6. You’ll get a healthy workout:
While you’re out in the sunshine gardening, your body will be soaking up much-needed vitamin D, which is essential for bone health and general well-being. You’ll also be giving your muscles a workout and burning calories at an average rate of 272 per hour.
7. You’ll feel better with dirt under your fingernails:
There’s a bacterium in dirt called Mycobacterium vaccae that has been found to increase the production of serotonin and stimulate the immune systems of mice. Scientists are now studying how this bacterium, which is already used as a vaccine for tuberculosis and a treatment for cancer patients and asthma sufferers, may be used to treat mood disorders.
The theory is that the bacterium prompts the body’s immune cells to release cytokines, which activate sensory nerves stimulating the brain. The brain responds by activating serotonin neurons, which, again, lift the mood. Scientists further hypothesize that prolonged exposure to Mycobacterium vaccae could benefit us by maintaining healthier immune systems.
8. You’ll teach your children:
School gardens have demonstrated that kids learn broad lessons from gardening lessons about science and nature, about home economics and self-sufficiency, about nutrition and healthy living. Bringing those lessons home in their own gardens will only make them more real and more valuable. They'll thank you later.
9. You’ll be able to share:
If your gardening efforts are rewarded with a bumper crop, you don’t have to worry about how you’ll possibly be able to get it all preserved. You can simply pass it on. Thanks to the recent recession, food banks across the country need to feed more people than ever. AmpleHarvest.org will point you toward a food bank near you that will happily take some of that zucchini off your hands.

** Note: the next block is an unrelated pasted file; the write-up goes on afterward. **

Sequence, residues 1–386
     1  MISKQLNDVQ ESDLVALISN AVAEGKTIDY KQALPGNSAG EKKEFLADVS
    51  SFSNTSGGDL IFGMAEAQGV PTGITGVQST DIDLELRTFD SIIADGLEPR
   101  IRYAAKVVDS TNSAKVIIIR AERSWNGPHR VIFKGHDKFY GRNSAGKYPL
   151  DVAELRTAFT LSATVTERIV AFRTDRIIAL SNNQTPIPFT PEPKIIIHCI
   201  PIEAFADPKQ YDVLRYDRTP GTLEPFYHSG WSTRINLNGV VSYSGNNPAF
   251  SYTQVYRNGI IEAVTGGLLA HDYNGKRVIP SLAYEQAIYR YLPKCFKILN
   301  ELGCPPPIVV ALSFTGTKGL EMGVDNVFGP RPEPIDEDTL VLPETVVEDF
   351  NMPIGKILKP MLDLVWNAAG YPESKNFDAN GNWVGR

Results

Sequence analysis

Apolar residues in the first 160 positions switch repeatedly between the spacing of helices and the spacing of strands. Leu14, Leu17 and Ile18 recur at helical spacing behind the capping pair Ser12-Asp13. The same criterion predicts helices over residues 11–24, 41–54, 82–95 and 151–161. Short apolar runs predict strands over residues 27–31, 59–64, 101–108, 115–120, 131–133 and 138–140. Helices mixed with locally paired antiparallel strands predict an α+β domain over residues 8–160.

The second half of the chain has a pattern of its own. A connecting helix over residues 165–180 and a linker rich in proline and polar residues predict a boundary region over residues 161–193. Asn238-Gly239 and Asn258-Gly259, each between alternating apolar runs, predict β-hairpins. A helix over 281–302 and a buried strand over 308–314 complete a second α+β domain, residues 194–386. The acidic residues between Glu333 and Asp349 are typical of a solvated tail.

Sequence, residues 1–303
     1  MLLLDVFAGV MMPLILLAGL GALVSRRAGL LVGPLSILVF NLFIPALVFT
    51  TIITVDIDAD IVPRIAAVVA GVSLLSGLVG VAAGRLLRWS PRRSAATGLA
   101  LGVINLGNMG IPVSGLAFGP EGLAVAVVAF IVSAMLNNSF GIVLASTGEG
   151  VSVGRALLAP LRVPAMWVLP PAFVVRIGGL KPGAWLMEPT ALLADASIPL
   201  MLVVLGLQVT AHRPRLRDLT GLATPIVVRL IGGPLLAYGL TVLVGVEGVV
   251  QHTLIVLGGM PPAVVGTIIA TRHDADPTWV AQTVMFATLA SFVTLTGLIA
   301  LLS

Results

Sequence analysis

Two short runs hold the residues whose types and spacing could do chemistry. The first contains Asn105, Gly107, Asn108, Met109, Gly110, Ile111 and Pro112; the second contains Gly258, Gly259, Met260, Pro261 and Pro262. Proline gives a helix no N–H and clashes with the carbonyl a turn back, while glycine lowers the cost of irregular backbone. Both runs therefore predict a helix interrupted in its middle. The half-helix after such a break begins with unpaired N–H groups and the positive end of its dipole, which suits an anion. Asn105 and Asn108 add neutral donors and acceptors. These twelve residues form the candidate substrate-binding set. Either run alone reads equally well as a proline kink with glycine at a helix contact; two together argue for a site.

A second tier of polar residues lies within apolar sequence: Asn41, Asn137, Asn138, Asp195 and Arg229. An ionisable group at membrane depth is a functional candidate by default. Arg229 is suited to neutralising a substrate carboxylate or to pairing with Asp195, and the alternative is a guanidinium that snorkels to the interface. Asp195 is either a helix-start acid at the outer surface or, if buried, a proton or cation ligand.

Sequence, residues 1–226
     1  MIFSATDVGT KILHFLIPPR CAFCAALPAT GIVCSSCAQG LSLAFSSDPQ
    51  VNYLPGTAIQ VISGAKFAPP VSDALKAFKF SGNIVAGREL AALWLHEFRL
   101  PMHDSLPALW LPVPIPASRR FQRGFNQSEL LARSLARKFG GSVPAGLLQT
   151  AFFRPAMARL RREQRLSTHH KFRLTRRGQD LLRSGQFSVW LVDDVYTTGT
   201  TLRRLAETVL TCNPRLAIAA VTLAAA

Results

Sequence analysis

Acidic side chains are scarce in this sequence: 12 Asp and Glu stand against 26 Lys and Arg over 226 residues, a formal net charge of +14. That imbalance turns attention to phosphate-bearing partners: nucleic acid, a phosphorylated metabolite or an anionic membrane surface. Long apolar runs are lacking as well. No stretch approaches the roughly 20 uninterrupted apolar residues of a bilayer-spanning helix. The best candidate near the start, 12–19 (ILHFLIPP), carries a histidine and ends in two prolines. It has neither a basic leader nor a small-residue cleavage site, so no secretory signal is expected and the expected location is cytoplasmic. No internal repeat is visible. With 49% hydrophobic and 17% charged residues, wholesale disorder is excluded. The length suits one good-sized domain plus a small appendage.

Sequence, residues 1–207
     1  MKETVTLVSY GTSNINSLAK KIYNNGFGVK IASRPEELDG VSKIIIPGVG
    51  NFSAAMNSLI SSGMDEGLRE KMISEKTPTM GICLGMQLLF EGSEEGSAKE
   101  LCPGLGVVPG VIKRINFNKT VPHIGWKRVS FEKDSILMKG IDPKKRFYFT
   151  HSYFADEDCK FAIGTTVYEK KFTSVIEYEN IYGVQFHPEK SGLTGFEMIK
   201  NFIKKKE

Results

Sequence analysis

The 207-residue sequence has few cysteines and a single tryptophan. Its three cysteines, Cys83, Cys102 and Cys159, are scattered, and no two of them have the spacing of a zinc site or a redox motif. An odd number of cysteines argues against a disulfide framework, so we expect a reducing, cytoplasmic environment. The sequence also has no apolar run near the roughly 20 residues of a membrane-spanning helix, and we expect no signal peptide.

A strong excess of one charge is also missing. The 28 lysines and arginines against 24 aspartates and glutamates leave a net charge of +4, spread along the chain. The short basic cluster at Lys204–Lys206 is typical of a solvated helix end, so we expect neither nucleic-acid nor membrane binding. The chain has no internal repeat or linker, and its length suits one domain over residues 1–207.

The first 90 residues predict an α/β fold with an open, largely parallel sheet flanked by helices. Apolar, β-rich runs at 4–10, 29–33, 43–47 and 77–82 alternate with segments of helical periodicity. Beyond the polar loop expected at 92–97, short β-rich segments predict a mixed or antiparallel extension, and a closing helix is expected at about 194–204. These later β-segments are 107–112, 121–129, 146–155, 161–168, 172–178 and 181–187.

Yes, this is a herb and that is because of the greens it grows from planting its cloves. This awesome seasoning/spice is part of the Allium family as are onions and shallots. It’s recommended, though will take longer, for the freshest garlic greens to use fresh garlic cloves.
To get these cloves you can buy garlic bulbs and plant them according to instructions then harvest at the right time. If you are successful then you’ll have fresh cloves to break apart gently, plant, and get greens. You can also get new bulbs, from Elephant Garlic at least, by growing it until it blooms its flower or flowers. You let it stay in the ground, caring for it until the flower dies and dries out.
Once the flower has dried out then you harvest it and you’ll have a new bulb for planting for more garlic for later planting. But this may not work if the bulb you started with was treated in a way to prevent this method and will just need to buy new bulbs later when you want more garlic and garlic greens. But we’re here to focus on the greens so let’s get into it!
Labels: Growing Herbs